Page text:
The quality of Mr Grabiński was that the short stories he wrote between the 1910s and the 1920s were something completely different from what the Polish audience was looking and asking for. Whereas his compatriots revered the historical novels by Sinkiewicz and the neoromantic books by Zeromski, Grabiński didn't publish anything of that sort. At the contrary, he created his own literary (and, alas, unfashionable) genre by putting sinister and introspective short stories in a modern framework.
Only a few of the eleven short stories included in 'The Dark Domain' have a gothic flavour ('A Tale of the Gravedigger', 'Fumes') imbibed in traditional folklore revisited, but most of them will surprise you with either a philosophical or a sensual twist. Grabiński and his characters are clearly fascinated by the wonders of progress - and particularly by trains - but modernity in itself is not a bulletproof shelter against the wicked acts of evil. Well, in fact, quite the opposite.
What astonished me reading this collection is how explicit and sexually detailed Grabiński could be in a time in which Poland was a puritan and a conservative country. To be honest with you a short story like 'In the Compartment' reads more like a chapter of a steamy softcore novel (enters saxophone) than something written by an author devoted to creepy tales. Striking a similar note, 'Szamota's Mistress' is stalking ante-litteram with plenty of frustrated libido to make the readers feel queasy. There's sex, then. And there's even some powerful and rather vivid transgender stuff in 'Fumes'. But to me the mastery of Grabiński lies elsewhere.
Even though daring experimental short stories such as 'Strabismus', 'Saturnin Sektor' and 'The Motion Demon' are very good and will implore for a second reading to be fully appreciated, it's 'Vengeance of the Elementals' that struck me dead. Did you ever watch 'Howl's Moving Castle' by Miyazaki? Well, if you did think about the demon of fire depicted by the Japanese master, imagine it evil and call it an elemental. This story of a hero of a fireman turned an arsonist due to the fire elementals ensnaring him is as scary as engrossing.
There's this famous Italian comic series called 'Dylan Dog' and dealing with horror stories that I read when I was a teenager. If I had to tell what reading Grabiński reminded me of, I would say that it's the scripts of some of the best episodes of 'Dylan Dog'. Just don't call poor pan Stefan the Polish 'Nightmares Investigator' as that womaziner of a Dylan Dog introduced himself.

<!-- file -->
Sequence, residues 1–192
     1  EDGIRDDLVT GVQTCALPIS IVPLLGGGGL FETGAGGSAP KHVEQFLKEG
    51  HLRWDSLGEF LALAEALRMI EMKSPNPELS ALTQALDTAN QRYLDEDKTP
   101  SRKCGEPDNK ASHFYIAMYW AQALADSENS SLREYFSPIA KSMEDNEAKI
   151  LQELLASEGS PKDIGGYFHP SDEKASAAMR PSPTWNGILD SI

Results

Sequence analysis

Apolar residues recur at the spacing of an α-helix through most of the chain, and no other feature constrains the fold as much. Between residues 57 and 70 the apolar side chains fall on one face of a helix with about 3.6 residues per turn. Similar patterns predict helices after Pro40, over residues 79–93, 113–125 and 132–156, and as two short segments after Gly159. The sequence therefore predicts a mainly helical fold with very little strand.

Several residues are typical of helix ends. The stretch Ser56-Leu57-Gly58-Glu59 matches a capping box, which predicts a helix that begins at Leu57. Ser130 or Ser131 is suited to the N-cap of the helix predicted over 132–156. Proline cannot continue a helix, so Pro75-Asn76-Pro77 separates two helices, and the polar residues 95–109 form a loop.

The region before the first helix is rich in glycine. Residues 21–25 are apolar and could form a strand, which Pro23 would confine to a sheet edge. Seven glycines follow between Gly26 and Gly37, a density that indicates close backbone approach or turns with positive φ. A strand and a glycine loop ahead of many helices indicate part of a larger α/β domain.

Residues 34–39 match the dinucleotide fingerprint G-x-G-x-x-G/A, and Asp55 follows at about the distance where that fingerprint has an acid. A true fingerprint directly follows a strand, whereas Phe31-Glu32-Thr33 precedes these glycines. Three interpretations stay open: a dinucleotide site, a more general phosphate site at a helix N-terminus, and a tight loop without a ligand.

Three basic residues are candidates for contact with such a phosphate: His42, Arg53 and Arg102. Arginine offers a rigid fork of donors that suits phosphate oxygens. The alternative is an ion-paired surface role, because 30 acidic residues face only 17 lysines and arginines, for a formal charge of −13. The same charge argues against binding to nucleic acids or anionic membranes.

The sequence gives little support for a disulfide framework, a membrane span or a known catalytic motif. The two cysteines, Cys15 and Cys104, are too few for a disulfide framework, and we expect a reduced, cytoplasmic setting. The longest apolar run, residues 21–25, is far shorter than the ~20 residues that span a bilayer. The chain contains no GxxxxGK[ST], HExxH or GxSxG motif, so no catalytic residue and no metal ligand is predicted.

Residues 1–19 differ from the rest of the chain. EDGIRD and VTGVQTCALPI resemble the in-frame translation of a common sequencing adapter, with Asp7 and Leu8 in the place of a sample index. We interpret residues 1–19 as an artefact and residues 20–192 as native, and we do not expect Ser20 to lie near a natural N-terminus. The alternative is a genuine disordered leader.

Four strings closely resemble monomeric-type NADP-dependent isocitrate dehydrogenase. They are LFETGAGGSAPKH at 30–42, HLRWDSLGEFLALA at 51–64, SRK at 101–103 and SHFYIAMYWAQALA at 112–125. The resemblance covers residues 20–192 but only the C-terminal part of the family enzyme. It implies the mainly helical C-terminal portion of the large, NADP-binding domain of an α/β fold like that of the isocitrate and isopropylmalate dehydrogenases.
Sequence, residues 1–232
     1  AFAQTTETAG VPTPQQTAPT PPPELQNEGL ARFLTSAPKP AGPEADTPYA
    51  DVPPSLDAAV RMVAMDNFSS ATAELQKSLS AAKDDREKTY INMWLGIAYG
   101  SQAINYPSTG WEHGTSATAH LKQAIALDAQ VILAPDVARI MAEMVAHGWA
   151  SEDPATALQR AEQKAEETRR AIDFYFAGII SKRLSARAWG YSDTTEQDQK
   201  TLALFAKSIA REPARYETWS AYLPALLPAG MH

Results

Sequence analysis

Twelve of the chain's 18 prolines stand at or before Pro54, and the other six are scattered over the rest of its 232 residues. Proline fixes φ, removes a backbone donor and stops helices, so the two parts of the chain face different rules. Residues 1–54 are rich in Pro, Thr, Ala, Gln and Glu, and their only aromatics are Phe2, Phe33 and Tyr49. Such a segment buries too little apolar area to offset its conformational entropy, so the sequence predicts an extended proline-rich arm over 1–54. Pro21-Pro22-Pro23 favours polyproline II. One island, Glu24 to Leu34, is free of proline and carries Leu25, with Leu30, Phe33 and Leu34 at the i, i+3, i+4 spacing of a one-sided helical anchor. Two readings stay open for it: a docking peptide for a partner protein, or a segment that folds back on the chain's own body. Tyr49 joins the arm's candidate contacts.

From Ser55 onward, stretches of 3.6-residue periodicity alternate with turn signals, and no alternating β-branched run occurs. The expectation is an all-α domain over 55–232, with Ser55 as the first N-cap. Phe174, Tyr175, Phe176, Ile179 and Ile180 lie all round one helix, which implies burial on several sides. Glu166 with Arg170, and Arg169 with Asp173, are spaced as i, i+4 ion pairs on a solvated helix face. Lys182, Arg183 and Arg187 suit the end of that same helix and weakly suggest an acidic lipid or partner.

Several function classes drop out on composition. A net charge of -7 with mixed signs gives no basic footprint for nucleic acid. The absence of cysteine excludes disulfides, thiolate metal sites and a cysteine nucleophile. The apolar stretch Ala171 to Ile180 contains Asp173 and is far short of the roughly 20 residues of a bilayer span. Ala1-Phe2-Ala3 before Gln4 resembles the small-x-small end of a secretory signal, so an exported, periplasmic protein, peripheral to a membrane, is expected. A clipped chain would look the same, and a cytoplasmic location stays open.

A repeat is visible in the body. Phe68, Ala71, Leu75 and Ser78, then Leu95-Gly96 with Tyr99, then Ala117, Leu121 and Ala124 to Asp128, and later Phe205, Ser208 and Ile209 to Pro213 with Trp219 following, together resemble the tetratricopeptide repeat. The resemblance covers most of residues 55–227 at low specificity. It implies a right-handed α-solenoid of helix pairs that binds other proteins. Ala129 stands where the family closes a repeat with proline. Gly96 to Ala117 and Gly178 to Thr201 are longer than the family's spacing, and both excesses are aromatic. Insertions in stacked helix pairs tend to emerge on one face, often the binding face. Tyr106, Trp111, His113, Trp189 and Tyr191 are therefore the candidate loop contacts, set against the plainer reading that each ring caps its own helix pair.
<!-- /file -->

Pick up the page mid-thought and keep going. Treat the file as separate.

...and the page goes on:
It's time to give Grabiński some justice, in Poland and abroad. Speaking of which, please translate into English more of his short stories!(less)
Over the last five years I became a great fan of Polish journalism so that every time I skim through bookshelves labelled 'travels' or 'reportages' I...moreOver the last five years I became a great fan of Polish journalism so that every time I skim through bookshelves labelled 'travels' or 'reportages' I hunt for that bunch of authors I know or for any Polish sounding surname. That's how I 'discovered' Tochman and Stasiuk, for instance. And that's how Wojciech Górecki showed up with two books he wrote, one about Caucasus as a whole and this one about Georgia.
Now, the only Górecki I knew was the composer Henryk whose Third Symphony became an unusual worldwide hit in the mid 1990s. The unexpected success for the Polish composer came thanks to the British trip hop band Lamb who sampled a tiny bit of it in their aptly titled song Górecki back in 1996. (I didn't like that song as well as the symphony).
Wojciech Górecki is not related to Henryk. The Italian edition I bought calls Górecki 'the heir of Ryszard Kapuscinski' and Wojciech himself dedicates 'La terra del vello d'oro' ('The Land of the Golden Fleece') to the great Polish reporter.
Are there similarities in writing style and reporting approach between Kapuscinski and Górecki? To be honest I couldn't find many. The dean of Polish reportage liked to write about his own personal daily experiences living in foreign countries and stressing out his fascination for everything local and his distaste for the spoiled reporters gossiping from their five starred resorts. The young dauphin prefers to draw sketches of what he sees around him keeping himself as humble as Kapuscinski but standing more in the background than him.
The Georgia portrayed and narrated by Górecki in the early 2000s was not at war, for the time being. This state of temporary, if apparent, serenity lets the Polish reporter tell the reader about the country's turbulent history, its unique traditions, its multi-layered character. For someone like me who didn't know much about Georgia having read only a single book marginally dealing with it and dating back to the 1960s ('Journey into Russia' by Laurens Van der Post), Górecki's book brought a gust of fresh and precious knowledge.